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C. Thomas

Forced Labor Plan Advanced
by Senate Military Committee

(3 March 1945)

From The Militant, Vol. IX No. 9, 3 March 1945, pp. 1 & 4.
Transcribed & marked up by Einde O’ Callaghan for the Encyclopaedia of Trotskyism On-Line (ETOL).

The Senate Military Affairs Committee concluded closed hearings on the May-Bailey slave labor bill last week by reporting out a “substitute” measure incorporating the principle of compulsory labor for private profit. The Kilgore-Wagner “substitute” was adopted by a vote of 13 to 4 shortly after the committee had received a memorandum from Roosevelt stating: “I hope that legislation embracing the principle of the May bill can be speedily enacted.”

Under this prodding from the “Commander-in-Chief” the Kilgore-Wagner substitute was amended to make it conform to the type of legislation demanded by Roosevelt and his brass hats.

“These changes, committeemen agreed, brought the substitute bill sponsored by Senators O’Mahoney, Kilgore, Wagner, Chandler, Ferguson and Ball, closer to the principles of the May-Bailey measure.” (N.Y. Times, Feb. 22)

One of the amendments provides that “violators of WMC regulations and orders would be liable to fines up to $10,000 or jail sentences up to a year.” Another provides that workers “who quit essential agricultural jobs without draft board permission would be subject, to fines ranging to $10,000 and prison terms up to five years.”

CIO Endorses Bill

In its original form, the Kilgore-Wagner bill would concentrate control over hiring in the hands of the War Manpower Commission. The WMC would be given authority to establish manpower ceilings in industry, to move workers from one plant or one area to another, to keep workers tied to their jobs at frozen wages. Employers would be forbidden to hire a worker unless he could show a certificate of availability. By its power to refuse to grant certificates to “recalcitrant” workers, the WMC would exercise “work-where-you’re-told-or-starve” compulsion over labor.

The additional amendments add the “work-where-you’re-told-or- go-to-jail” penalties of the May- Bailey bill to the Kilgore-Wagner substitute. As announced in The Militant last week, the latter measure was endorsed by the heads of the AFL and CIO in a “compromise” deal with the employers. “This (Kilgore-Wagner) bill is a long step in the right direction,” declared Philip Murray in a statement to the Senate Military Affairs Committee.

An editorial in the CIO News “explains” that the CIO officialdom

“... supports the bill introduced by Senators Kilgore, Wagner and Ferguson because, as Pres. Philip Murray states, ‘this bill reinforces the methods and machinery which have proven effective during the war, and proposes means for strengthening them,’ and because it is ‘designed to mobilize the entire civilian manpower and womanpower of the United States immediately, and not merely males between the ages of 18 and 45’.”

Roosevelt’s Strategy

Murray’s statement is an open endorsement of the principle of forced labor for private profit. The “methods and machinery” which he urges be, “strengthened” are the instruments of labor compulsion embodied in the drastic manpower decrees issued by Roosevelt and administered by the WMC. Under these decrees the WMC recently initiated the infamous “Allentown Plan” which has since been spread to other areas.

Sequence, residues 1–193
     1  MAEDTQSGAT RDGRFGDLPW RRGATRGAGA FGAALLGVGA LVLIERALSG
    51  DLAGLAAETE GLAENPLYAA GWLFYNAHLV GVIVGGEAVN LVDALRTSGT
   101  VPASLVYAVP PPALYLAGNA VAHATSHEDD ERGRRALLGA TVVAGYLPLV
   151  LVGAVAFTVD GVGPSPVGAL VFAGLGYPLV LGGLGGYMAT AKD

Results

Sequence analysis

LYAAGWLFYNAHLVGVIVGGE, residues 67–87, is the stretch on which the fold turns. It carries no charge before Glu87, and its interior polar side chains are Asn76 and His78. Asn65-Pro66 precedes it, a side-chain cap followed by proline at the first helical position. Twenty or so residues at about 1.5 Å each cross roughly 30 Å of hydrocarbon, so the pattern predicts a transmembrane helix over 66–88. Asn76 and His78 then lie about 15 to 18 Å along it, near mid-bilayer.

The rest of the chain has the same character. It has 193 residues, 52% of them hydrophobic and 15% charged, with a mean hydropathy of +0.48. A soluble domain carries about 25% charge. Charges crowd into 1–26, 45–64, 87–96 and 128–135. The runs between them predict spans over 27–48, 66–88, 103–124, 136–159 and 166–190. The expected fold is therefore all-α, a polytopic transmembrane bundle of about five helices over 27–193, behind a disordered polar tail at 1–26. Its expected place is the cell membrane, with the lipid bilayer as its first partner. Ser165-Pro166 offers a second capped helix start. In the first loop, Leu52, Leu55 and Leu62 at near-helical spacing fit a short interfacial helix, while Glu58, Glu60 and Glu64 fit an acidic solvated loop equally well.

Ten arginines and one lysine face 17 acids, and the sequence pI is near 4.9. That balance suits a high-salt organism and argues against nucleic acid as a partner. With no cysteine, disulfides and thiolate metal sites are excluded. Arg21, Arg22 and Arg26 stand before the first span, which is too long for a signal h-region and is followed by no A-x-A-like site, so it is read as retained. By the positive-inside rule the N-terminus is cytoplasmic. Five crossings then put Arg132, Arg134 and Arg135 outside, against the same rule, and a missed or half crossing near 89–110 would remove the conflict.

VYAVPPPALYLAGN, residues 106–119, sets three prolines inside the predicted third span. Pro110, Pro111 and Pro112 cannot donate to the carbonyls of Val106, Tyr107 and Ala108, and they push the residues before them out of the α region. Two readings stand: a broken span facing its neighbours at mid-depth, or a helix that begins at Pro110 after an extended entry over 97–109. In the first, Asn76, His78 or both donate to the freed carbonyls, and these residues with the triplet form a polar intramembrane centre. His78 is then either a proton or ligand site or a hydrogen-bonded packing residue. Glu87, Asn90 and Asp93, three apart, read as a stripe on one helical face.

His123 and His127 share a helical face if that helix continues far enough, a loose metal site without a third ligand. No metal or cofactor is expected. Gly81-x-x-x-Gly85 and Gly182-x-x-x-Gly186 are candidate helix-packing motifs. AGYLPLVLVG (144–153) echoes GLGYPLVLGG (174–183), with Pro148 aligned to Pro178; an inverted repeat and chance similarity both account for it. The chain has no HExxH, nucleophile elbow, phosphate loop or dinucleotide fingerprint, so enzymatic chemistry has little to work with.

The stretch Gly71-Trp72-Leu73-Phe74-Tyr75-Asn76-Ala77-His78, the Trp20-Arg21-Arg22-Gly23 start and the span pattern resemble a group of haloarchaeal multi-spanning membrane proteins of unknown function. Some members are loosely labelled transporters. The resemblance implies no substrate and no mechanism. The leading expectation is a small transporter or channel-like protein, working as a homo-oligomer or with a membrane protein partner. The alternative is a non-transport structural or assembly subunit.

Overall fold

In Allentown, Pennsylvania, where the “plan” originated, the WMC ordered the discharge of hundreds of workers who were then instructed to apply to the U.S. Employment Service for assignment to other jobs. Those failing to obey “would be denied employment for the duration of the war.” In a majority of cases, workers were forced to accept employment at lower wages.

Will Allen, Washington correspondent of Justice, official organ of the International Ladies Garment Workers Union, who has closely followed the development of the forced labor campaign, contends “that the real labor conscription threat is embodied in the Allentown Plan rather than the May-Bailey bill.” He states that the strategy of the Roosevelt administration is to use the threat of the “more drastic” May- Bailey bill to jam through a “compromise” measure. This “compromise” worked out in secret in a behind-the-scenes deal is incorporated in the “substitute” Kilgore-Wagner bill. Allen discloses what the forced labor advocates are after by declaring:

“What they’re after – in terms of administration strategy – is a Congressional act legalizing the Allentown Plan. Why is that? Because the Allentown Plan draws its authority from an Executive Order which went into effect July 1, and not from an Act of Congress. The Allentown Plan interferes with the rights of private citizens engaged in pursuits having no connection with the war. The Allentown Plan enforces involuntary servitude ... which is a direct violation of the Constitution of the United States.”

“The Administration,” Allen continues, “is anxious to find a legal cover – to be provided by Congress – to sanction the dubious legality of its previous efforts to force labor conscription on the country. The Administration has known for a long time that labor conscription by Executive Order is on legally shaky ground ... as witness how long it has waited since July 1 to put it into effect in the Allentown Plan.” (For information on the origin and development of the Allentown Plan, see The Militant, Feb. 24, 1945).

This is the treacherous “compromise” that Murray, Green and Company are urging the workers to support. “Urge your Senator,” pleads the CIO News editorial, “to vote for the Kilgore-Wagner-Ferguson bill.” The union militants must arouse the workers to reject this injunction. Urge the workers to adopt resolutions, organize demonstrations, utilize every means, to make known labor’s uncompromising opposition to any and all forms of forced labor.

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